The Greek mortgage market posted annual growth of 82 percent in the early 2000s. First-time homebuyers took advantage of easier financing and interest-rate reductions as the country joined the single European currency.

Lending Grows

The volume of outstanding mortgages in Greece peaked in September 2010 at 81.5 billion euros before dropping to 70.8 billion euros in April 2014, according to central bank data.

Housing prices in Athens increased more than 170 percent from 1997 through the end of 2008, according to the data. As the recession took hold, apartment prices in Greece plunged by 33.4 percent between 2008 and the fourth quarter of 2013, according to the data.

The housing market’s collapse caused construction to stall. The number of building permits issued by the Greek authorities dropped 22 percent to less than 15,000 in the 12 months through April, according to data released today by the Hellenic Statistical Authority.

Skouzos, the law partner, said the government’s attempt to restructure mortgages won’t help borrowers.

“Borrowers are not really protected by restructuring because banks are just offering to extend the loans,” Skouzos said. “And the homeowner ends up paying more over a longer time because payments must first go towards interest and then capital.”

Price Corrections

Skouzos said that although it will be “painful,” banks should foreclose and auction properties, using whatever money they get for them to cancel the outstanding mortgage debt. “This would result in severe price corrections but would finally pave the way to the rebirth of a dead market,” he said.

There were 47,561 home sales in Greece last year, according to central bank data. That’s down from 215,148 at the peak in 2005.

Prime Minister Antonis Samaras’s government is seeking to emerge from an economic contraction after triggering the euro-area financial crisis and undergoing the biggest-ever writedown of privately held debt.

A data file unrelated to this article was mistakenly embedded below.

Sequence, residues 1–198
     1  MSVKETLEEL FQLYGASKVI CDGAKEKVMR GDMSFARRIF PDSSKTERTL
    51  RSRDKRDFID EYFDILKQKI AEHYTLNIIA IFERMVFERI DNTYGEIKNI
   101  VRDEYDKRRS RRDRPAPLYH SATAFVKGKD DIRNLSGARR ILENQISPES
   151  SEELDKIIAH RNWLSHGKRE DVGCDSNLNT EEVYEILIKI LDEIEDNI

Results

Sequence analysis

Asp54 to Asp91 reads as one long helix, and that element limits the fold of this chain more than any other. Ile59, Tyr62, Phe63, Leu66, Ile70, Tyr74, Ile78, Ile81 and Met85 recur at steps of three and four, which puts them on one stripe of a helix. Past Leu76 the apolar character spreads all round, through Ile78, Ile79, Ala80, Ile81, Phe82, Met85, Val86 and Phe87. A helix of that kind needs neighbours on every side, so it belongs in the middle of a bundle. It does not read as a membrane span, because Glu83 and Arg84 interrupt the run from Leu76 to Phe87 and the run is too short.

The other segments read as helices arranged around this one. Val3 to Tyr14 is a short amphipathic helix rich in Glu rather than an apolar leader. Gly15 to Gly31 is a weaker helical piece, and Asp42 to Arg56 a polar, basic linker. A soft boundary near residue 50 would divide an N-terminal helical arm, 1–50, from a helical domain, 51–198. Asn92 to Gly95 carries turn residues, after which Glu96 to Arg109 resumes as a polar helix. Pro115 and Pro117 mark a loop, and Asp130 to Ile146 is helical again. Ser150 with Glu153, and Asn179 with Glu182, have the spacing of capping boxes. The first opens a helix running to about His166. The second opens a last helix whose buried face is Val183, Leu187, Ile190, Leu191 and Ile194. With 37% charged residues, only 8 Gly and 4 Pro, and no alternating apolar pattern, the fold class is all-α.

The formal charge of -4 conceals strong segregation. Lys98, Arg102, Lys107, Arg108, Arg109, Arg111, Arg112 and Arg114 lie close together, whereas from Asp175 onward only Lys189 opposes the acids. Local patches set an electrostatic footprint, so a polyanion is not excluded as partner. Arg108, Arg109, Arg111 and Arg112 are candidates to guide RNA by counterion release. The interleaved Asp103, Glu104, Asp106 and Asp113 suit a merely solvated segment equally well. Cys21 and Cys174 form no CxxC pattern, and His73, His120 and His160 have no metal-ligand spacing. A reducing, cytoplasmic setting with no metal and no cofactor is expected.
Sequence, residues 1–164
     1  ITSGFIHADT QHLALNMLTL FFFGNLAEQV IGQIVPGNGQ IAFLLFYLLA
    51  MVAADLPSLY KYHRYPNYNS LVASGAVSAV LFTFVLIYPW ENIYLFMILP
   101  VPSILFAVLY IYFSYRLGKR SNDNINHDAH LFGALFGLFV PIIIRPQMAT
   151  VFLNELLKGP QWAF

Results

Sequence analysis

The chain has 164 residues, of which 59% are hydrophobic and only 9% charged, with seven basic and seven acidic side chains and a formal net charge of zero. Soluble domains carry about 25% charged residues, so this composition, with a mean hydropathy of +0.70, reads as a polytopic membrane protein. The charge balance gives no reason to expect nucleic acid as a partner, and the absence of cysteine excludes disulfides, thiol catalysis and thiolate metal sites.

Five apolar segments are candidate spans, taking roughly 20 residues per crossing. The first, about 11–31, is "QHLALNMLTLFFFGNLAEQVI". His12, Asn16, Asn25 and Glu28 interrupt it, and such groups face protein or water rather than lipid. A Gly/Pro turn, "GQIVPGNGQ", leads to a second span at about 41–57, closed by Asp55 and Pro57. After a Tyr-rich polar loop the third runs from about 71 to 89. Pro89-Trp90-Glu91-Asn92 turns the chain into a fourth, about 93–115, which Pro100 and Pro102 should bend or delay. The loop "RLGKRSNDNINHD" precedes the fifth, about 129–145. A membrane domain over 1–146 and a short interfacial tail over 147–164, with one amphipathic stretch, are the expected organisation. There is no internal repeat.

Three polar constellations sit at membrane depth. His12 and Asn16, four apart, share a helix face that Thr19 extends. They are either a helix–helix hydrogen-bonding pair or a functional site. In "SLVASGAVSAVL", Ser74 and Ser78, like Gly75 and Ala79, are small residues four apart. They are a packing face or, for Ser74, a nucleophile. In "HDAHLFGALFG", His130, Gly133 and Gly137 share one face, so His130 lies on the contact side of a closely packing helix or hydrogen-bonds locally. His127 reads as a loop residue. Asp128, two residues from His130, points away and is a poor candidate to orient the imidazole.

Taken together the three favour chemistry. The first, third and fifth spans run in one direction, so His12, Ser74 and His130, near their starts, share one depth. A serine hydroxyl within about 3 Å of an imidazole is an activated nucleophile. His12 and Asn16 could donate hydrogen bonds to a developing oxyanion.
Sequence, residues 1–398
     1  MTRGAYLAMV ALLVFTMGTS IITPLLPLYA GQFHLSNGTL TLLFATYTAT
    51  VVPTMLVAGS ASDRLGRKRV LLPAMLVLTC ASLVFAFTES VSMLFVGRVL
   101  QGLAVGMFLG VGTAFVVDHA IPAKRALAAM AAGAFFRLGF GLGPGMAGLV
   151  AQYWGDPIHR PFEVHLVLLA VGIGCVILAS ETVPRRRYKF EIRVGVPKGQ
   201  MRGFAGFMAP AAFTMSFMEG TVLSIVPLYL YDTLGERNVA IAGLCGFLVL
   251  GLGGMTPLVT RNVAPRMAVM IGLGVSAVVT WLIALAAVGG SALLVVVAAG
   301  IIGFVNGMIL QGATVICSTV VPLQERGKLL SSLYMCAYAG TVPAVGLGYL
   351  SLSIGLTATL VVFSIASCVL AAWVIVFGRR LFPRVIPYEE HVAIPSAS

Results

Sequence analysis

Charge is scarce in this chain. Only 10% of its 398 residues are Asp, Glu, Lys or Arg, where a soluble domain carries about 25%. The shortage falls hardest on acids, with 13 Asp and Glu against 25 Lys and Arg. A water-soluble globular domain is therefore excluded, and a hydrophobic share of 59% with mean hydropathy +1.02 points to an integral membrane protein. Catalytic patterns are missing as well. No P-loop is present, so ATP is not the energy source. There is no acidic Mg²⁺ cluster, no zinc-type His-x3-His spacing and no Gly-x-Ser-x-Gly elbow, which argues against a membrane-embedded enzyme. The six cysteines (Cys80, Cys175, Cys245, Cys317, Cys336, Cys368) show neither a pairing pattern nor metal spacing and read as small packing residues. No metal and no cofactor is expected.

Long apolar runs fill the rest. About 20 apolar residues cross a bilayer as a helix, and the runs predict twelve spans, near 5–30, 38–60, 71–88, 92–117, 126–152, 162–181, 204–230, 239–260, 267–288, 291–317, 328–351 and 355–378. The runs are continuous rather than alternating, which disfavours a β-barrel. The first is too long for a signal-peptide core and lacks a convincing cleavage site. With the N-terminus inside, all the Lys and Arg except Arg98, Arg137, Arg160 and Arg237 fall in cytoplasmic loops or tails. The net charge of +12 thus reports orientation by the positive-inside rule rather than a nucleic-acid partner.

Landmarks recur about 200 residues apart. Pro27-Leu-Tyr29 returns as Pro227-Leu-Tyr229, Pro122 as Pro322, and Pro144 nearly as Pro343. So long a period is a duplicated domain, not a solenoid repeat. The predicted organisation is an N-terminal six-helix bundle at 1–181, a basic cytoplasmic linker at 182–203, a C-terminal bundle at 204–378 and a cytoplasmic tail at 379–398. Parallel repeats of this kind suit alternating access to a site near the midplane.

The government has slashed a budget deficit that was more than five times the European Union’s limit of 3 percent of gross domestic product in 2009. Greece also returned to bond markets in April after a four-year exile and predicts economic growth in 2014 for the first time since 2007.

Spain’s Experience

“All this will be happening in a steadily improving macro-economic environment,” Kalantonis said. “Borrowers’ attitudes will change when they see there is light at the end of the tunnel and they will be more willing to renegotiate.”

Greece’s four biggest banks aim to boost home lending to a total of 500 million euros to 600 million euros this year, he said.

“We have natural deleveraging of the old portfolios,” Kalantonis said. “Target number one is to replenish the stock of mortgages.”

In Spain, banks foreclosed on about 330,000 properties after the nation’s real estate market crashed in 2007, according to PAH, a group that supports people who have lost their homes to lenders. That contributed to Spain’s 1.7 million units of unsold homes and sent prices, which have fallen more than 45 percent since the peak, on a downward spiral which has not yet stopped.

‘Gradual Increase’

“We will increase foreclosures but in a gradual and careful way, so as not to create a problem for the market,” Kalantonis said.

Kalantonis said his bank will negotiate with distressed borrowers to restructure their loans or offer to let them stay in their properties and pay whatever they can while the lender seeks a buyer for their homes.

“We studied the Spanish experience very carefully and we don’t want to repeat the mistakes they made,” he said.

To contact the reporters on this story: Sharon Smyth in Madrid at ssmyth2@bloomberg.net; Nikos Chrysoloras in Athens at nchrysoloras@bloomberg.net; Christos Ziotis in Athens at cziotis@bloomberg.net

To contact the editors responsible for this story: Andrew Blackman at ablackman@bloomberg.net Rob Urban, Vincent Bielski